LEARNS Act advances to House floor

by Steve Brawner ([email protected]) 3,095 views 

Gov. Sarah Sanders’ LEARNS Act passed the House Education Committee Wednesday (March 1) and now heads to the full House for a vote March 2.

Senate Bill 294 by Sen. Breanne Davis, R-Russellville, and Rep. Keith Brooks, R-Little Rock, passed easily on a voice vote after Brooks closed for his bill and then many committee members expressed their reasons for voting for or against it.

Brooks told Talk Business & Politics that he plans to run the bill through the full House of Representatives on Thursday, March 2. Passage seemed a virtual certainty, as 55 of the 100 House members are sponsors.

The bill has already passed the Senate, where 25 of the 35 members are sponsors. The Senate will vote on the bill again next week because of an amendment added in the House, if it passes the House of Representatives.

It would increase minimum teacher salaries to $50,000, establish “education freedom accounts” giving families access to state per pupil foundation funding for non-public schooling, and hold back third graders who fail to score proficient in literacy while also providing increased support, among its many other provisions.

Brooks told the committee that the bill is “a starting point.”

“We’re launching the best and brightest and most aggressive investment in education in the history of the state of Arkansas,” he said. “It’s not where we’re ending. This is the beginning of our commitment as a state to put students first and to look everyone in the eye and say Arkansas will continue to lead in terms of education.”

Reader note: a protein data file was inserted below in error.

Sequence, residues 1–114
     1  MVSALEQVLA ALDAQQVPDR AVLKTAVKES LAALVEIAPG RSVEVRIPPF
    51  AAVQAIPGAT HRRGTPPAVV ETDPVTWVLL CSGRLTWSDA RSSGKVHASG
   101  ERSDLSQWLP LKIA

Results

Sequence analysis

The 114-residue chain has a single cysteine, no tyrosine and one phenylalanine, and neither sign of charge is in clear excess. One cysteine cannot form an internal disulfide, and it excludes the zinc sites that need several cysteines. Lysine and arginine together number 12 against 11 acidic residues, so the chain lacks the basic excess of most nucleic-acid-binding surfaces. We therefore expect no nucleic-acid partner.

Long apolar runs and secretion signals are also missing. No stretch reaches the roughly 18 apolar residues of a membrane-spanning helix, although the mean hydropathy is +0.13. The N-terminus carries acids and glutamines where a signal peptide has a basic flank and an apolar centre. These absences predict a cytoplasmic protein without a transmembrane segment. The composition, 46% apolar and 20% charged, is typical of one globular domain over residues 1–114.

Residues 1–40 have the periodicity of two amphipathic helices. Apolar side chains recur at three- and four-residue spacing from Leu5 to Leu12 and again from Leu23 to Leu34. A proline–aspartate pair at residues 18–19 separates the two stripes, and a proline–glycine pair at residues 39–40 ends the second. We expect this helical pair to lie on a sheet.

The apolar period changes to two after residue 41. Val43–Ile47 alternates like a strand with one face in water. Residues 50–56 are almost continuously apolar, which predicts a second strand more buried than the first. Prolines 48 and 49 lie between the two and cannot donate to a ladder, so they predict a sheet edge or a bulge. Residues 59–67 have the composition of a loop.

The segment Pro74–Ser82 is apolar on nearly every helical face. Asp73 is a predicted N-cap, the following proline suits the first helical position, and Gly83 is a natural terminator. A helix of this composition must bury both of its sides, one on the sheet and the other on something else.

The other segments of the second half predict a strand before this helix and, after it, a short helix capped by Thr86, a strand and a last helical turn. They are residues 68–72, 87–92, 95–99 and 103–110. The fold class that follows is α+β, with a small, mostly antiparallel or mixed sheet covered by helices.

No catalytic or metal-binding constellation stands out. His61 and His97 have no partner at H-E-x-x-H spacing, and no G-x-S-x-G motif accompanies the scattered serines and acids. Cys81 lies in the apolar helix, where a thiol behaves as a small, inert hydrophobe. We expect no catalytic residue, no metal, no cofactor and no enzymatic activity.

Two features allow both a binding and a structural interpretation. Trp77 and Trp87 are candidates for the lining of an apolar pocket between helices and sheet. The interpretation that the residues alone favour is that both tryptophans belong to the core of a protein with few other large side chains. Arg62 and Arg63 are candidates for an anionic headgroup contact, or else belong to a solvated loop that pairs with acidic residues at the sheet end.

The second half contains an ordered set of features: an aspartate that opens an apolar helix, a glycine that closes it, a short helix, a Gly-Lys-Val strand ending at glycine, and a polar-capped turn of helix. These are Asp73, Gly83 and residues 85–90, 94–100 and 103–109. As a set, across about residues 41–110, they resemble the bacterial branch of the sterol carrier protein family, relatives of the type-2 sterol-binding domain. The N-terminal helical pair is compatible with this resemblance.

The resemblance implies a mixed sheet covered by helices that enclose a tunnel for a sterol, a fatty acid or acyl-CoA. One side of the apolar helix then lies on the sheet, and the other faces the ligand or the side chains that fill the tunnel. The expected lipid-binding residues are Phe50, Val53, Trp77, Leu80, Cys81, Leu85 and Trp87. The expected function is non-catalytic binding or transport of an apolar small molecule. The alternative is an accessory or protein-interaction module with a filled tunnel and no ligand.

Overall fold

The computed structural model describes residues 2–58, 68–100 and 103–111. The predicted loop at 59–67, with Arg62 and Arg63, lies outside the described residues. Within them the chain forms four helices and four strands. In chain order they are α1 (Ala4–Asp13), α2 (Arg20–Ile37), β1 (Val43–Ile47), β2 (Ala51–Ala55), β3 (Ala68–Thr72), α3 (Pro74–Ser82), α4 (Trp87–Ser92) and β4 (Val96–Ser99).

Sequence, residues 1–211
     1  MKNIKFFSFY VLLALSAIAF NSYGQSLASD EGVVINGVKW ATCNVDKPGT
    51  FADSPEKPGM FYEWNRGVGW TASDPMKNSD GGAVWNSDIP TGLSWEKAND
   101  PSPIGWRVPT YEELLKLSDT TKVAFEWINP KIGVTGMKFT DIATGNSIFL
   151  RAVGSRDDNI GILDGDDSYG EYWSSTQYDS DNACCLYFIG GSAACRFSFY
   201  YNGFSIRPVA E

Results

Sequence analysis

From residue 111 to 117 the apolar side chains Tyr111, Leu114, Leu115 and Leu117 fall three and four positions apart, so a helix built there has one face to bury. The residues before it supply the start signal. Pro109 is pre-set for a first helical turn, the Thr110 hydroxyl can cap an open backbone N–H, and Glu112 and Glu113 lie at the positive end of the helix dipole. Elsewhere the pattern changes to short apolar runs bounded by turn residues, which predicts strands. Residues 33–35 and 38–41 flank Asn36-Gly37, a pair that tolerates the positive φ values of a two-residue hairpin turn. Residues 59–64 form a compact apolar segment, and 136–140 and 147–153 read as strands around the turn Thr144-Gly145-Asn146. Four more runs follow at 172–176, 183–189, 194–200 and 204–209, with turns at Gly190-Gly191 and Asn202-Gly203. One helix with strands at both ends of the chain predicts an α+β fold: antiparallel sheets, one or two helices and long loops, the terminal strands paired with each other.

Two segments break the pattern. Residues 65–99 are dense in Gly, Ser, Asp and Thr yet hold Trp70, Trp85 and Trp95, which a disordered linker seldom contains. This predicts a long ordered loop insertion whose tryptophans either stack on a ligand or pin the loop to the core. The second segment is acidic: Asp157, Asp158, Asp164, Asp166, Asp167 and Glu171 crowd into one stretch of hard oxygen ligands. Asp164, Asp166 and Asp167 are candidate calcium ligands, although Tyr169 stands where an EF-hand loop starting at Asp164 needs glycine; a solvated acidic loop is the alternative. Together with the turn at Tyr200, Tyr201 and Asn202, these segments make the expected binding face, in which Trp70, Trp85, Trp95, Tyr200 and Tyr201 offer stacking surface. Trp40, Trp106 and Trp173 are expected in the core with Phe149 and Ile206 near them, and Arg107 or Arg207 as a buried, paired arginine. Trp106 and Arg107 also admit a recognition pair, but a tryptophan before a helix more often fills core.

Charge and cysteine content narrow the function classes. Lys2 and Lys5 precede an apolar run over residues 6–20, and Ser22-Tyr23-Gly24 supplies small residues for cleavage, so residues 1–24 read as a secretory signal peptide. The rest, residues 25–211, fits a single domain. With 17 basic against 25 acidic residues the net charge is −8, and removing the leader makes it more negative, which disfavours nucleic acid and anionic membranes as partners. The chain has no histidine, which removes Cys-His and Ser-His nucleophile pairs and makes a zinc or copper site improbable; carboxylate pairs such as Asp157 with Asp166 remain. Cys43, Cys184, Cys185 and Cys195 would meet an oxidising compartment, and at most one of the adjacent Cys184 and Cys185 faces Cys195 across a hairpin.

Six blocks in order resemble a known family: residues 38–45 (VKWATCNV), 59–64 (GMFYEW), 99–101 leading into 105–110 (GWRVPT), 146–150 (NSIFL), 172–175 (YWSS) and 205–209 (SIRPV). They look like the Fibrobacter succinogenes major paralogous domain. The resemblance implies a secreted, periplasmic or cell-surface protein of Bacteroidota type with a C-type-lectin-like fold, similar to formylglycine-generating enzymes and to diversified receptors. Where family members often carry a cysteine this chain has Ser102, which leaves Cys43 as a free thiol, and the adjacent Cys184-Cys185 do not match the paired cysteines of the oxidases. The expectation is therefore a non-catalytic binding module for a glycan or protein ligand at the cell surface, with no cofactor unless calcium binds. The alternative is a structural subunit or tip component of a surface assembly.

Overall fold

Among those speaking against the bill were Rep. Denise Garner, D-Fayetteville, who said the education freedom accounts would not support students with disabilities and would worsen segregation, reduce accountability, leave behind underserved communities, and potentially lead to a lawsuit against the state.

Rep. Vivian Flowers, D-Pine Bluff, said the bill ignores current educational successes and doesn’t fund practices and programs known to have worked.

“The fact that we are establishing policy that doesn’t feed into grow(ing), invest(ing) in our public schools, but instead really leverages the negative rhetoric that has been spewed all over Arkansas and the country, I think does a disservice to our teachers and it certainly does a disservice to our children,” she said.

Rep. Grant Hodges, R-Centerton, said the bill is expansive but “really is more than the sum of its parts.” He said he and his twin brother did not graduate from the same high school, illustrating that people need different options, and said legislators can still pass legislation to fix issues that might arise.

“Ultimately, I think, when you look at the bill in its entirety, what we all want is to finally do something that will take our state from the bottom of the rankings where we are year after year and deliver something big and bold for Arkansas and for the students,” he said.

Rep. Carlton Wing, R-North Little Rock, agreed that it’s time to try to do something to improve Arkansas’ educational results.

“When I listen to the question of when we say, ‘What do we know works?’ we also can ask the question, ‘What do we know does not work?’” he said. “And right now the status quo is not working.”

Rep. DeAnn Vaught, R-Horatio, who is not a bill sponsor, expressed uncertainty but indicated she would vote for it.

“I’ve had fears, I’ve had doubts, I’ve had questions about this bill, but I’m trusting the sponsor that if there’s problems with the bill, and there’s things that need to be changed, that we’ll work together to make sure that they get addressed and fixed at a very quick pace,” she said.